Cryotherapy freezes small tumours in the eye.
When Cryotherapy Is Used
Cryotherapy is used to treat small or relapsed tumours in the periphery of the retina, or when tumours recur after other treatments.
Cryotherapy is often used after chemotherapy to reduce tumour size. This is called consolidation.
A single freeze of two spots of cryotherapy to peripheral retina may be given within 48 hours before chemotherapy, to increase penetration of chemotherapy drugs into the vitreous. This is called prechemotherapy-cryotherapy.
How Cryotherapy Is Given
The child receives a general anaesthetics. Nitrous oxide is applied through a small probe placed against the outside of eye, opposite the tumour.
The tumour is frozen while it is viewed with the indirect ophthalmoscope or RetCam. As the tumour thaws, ice crystals puncture cell membranes, destroying the cancer cell.
At each treatment session, each location is frozen three times, with complete thawing of the tumour in between. This is called triple freeze-thaw cryotherapy.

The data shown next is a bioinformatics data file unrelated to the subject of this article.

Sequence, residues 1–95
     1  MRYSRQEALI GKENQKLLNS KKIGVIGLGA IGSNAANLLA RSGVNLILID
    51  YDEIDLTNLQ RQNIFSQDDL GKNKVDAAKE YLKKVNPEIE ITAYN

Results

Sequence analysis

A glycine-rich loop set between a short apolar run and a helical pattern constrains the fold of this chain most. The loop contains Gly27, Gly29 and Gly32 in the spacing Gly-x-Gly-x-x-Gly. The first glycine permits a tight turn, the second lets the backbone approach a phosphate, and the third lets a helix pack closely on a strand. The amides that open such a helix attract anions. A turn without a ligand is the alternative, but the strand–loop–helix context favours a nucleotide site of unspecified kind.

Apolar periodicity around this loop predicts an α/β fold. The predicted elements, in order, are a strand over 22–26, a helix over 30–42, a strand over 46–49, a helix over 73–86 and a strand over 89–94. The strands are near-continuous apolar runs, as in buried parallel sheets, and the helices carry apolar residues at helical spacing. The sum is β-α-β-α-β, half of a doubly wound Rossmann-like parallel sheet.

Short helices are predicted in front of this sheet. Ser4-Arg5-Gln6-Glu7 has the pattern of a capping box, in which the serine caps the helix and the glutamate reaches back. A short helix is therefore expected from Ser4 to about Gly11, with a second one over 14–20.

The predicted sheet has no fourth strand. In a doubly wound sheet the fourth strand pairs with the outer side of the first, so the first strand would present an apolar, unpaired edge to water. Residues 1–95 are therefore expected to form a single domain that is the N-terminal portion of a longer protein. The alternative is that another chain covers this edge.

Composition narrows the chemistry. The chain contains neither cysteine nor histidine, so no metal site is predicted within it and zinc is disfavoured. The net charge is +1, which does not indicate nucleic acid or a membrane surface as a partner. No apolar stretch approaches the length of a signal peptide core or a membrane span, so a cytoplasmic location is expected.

Cryotherapy can be repeated until a flat scar is obtained.
Cryotherapy can be used repeatedly to treat small tumours, reducing the need for more aggressive treatments.
Cryotherapy is not suitable for tumours involving the macula (central vision) because it causes significant scarring that will damage sight.
Cryotherapy causes the eyelids to become puffy and sore for several days. The discomfort can be reduced with eye drops and simple painkillers.
Questions To Ask the Doctors
- Where are my child’s tumours located that you plan to freeze?
- How big are these tumours?
- Will my child need more than one cryotherapy treatment?
- How often will you freeze the tumour/s?
- Will my child need chemotherapy or laser with the cryotherapy?
- How will you combine the chemotherapy and cryotherapy?
- How might this cryotherapy treatment impact my child’s vision?